“The architecture of the third millennium,” Bess writes, should “serve the primary symbolic purpose it served in earlier eras – the representation, in orderly, durable, functional, and beautiful buildings, of institutions that enable and encourage us to live as civilized human beings.” And the civilized human being is, for Bess, what he is for Saint Thomas: one whose nature, as he lives, with his fellows, in a city with a cathedral at its center, is being drawn to its own perfection and final end, in God.
In a sweaty summer three years after the end of World War II, E. B. White wrote an essay that remains the greatest love letter New York City has ever received. “Here Is New York” (Holiday Magazine, 1948) is an attempt to grapple with a very big city in a very small space.
White has a sense of the fragility of New York: the infrastructure that is always overloaded; the systems, so many of them ad hoc, that keep everybody fed; the water of the harbor that always might overrun the seawall. And he has a sense of New York as a target that feels very contemporary: the possibility of nuclear war looms over the end of the essay. Above all, though, he shares with Jacobs the love of the city, because of its meaning as a site of human ambition and collaboration and unlikely fellowship. He writes: “The city is like poetry: It compresses all life, all races and breeds, into a small island and adds music. … The island of Manhattan is without any doubt the greatest human concentrate on earth, the poem whose magic is comprehensible to millions … but whose full meaning will always remain elusive.”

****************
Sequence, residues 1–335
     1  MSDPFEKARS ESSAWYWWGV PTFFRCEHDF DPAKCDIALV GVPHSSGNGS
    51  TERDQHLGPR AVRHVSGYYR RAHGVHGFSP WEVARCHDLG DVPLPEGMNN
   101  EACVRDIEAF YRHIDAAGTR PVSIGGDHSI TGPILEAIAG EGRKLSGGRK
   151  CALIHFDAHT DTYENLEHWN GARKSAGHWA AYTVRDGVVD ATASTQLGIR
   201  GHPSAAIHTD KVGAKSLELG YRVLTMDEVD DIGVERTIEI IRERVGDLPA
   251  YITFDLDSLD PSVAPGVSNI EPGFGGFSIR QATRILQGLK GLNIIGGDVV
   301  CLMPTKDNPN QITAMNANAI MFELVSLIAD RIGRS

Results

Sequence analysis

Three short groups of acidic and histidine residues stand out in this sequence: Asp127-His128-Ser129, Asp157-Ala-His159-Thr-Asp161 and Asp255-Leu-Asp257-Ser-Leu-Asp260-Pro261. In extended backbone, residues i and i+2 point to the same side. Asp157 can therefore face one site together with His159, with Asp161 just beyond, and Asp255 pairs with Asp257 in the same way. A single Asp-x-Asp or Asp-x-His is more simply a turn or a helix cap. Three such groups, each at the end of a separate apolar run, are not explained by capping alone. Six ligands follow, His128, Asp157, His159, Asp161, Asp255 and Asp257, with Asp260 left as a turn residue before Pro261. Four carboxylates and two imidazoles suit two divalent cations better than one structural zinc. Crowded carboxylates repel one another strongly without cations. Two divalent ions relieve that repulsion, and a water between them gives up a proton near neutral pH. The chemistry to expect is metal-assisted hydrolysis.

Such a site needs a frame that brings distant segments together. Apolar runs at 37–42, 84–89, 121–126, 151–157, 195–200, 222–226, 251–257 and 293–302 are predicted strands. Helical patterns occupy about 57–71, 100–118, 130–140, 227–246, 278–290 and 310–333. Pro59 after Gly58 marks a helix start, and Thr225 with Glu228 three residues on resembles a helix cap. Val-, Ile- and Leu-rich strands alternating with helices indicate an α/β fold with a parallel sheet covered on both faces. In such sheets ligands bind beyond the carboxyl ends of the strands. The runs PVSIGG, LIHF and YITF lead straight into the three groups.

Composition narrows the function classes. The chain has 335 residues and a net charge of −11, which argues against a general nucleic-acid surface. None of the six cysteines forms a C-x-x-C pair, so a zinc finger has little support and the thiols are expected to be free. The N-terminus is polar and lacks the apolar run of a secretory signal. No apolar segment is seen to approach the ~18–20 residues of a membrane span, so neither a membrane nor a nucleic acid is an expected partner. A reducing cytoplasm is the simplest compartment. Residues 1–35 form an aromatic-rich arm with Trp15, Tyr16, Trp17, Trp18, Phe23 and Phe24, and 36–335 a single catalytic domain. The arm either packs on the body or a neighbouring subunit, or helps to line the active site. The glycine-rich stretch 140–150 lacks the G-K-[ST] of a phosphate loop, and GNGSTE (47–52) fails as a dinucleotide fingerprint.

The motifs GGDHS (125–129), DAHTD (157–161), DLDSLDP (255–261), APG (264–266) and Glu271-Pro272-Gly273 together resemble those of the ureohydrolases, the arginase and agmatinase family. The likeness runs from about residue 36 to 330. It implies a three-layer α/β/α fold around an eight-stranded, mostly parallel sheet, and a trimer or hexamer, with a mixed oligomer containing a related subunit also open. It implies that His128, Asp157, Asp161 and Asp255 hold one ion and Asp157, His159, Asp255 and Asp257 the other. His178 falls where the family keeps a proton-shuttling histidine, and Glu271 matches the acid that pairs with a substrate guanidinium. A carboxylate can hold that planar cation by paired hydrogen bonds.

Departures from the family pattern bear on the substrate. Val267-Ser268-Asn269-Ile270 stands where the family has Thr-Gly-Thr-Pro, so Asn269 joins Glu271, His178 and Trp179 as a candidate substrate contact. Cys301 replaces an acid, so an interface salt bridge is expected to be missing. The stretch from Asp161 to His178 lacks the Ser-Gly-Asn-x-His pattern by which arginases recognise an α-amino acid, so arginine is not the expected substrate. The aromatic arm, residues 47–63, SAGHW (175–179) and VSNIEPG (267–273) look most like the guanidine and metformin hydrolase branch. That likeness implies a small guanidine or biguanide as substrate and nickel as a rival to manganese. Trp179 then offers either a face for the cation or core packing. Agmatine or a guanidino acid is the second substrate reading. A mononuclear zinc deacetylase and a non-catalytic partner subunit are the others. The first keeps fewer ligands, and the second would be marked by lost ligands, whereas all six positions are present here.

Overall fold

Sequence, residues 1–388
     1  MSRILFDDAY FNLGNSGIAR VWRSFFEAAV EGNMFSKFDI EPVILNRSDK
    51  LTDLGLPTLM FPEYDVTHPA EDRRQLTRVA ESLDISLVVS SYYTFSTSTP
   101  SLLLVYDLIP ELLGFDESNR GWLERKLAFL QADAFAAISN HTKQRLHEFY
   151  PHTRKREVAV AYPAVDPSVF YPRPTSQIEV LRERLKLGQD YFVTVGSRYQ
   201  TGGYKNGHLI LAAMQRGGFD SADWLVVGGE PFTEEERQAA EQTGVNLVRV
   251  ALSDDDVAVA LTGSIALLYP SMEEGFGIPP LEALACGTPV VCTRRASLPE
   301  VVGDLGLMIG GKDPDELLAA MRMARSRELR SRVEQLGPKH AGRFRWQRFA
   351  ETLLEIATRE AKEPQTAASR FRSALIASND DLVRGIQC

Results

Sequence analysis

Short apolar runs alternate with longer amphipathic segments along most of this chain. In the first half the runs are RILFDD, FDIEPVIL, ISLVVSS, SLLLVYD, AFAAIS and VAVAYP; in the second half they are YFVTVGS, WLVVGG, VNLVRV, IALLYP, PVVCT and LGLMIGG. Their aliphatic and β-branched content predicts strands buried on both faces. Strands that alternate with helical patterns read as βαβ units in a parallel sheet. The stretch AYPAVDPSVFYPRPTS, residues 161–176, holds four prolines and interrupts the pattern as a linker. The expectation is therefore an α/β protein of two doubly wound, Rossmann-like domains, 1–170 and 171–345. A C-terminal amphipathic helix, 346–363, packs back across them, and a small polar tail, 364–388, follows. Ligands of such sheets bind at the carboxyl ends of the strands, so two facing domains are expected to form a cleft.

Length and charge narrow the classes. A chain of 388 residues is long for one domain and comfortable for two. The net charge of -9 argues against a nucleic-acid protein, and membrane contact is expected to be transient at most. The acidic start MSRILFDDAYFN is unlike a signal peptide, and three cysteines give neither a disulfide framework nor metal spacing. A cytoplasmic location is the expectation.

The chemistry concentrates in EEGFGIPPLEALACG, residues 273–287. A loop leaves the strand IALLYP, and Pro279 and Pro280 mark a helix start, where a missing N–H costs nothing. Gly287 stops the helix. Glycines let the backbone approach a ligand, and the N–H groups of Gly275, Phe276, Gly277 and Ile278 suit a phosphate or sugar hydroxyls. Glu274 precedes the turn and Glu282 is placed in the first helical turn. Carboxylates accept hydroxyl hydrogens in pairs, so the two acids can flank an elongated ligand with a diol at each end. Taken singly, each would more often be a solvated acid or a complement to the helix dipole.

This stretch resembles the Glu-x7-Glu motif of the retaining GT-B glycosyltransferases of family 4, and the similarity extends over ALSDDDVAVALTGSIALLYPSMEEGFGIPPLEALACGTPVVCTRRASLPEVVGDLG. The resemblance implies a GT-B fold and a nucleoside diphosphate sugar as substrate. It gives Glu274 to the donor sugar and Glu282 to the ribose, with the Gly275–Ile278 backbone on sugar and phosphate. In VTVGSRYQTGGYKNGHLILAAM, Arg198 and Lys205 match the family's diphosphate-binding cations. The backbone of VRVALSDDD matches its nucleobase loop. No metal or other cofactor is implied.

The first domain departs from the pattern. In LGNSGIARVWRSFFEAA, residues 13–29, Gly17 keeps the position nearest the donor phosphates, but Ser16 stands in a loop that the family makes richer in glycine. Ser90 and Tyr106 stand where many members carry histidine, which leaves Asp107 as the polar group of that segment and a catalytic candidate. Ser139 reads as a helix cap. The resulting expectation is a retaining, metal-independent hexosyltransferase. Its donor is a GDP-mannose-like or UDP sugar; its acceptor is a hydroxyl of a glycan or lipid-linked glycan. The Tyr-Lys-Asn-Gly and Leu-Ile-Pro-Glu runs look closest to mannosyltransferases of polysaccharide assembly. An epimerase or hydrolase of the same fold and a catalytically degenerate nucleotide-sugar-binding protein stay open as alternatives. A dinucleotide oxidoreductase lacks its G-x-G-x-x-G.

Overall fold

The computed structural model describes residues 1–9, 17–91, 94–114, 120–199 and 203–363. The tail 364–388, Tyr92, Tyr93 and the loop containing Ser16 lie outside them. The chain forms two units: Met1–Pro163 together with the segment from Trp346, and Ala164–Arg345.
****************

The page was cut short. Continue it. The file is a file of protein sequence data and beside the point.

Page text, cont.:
What White did for New York in compressed form, Frederic Morton did for his native Vienna. Thunder at Twilight: Vienna 1913/1914 (Scribner, 1989) is a cultural history of two years in the life of the city, and if White sees New York as potentially fragile, Morton knows for certain the fragility of Vienna. Those two years – a decade before Morton was born – saw the final flowering of the opulent capital city of the Hapsburg Empire, and the sheer number of people and events concentrated in that one time and place is dazzling. Carnival, 1913: Stalin arrives in Vienna on a mission for those who would become the revolutionaries of 1917. Over the next two years, Hitler paints and rants in beer cellars; Wittgenstein and Freud are each at the center of a separate intellectual circle; the white Lipizzaner stallions perform their highly choreographed dances in the Spanish riding school in the center of the city; everyone is highly strung, there are all the waltzes you could ask for, and everything seems to point to an explosion. That explosion happens, of course, when the young, potentially liberalizing heir to the throne, the Archduke Franz Ferdinand, is killed with his wife, Sophie, by the Serbian nationalist Gavrilo Princip. Morton’s Vienna did not survive World War I, but in his book, its richness lives on.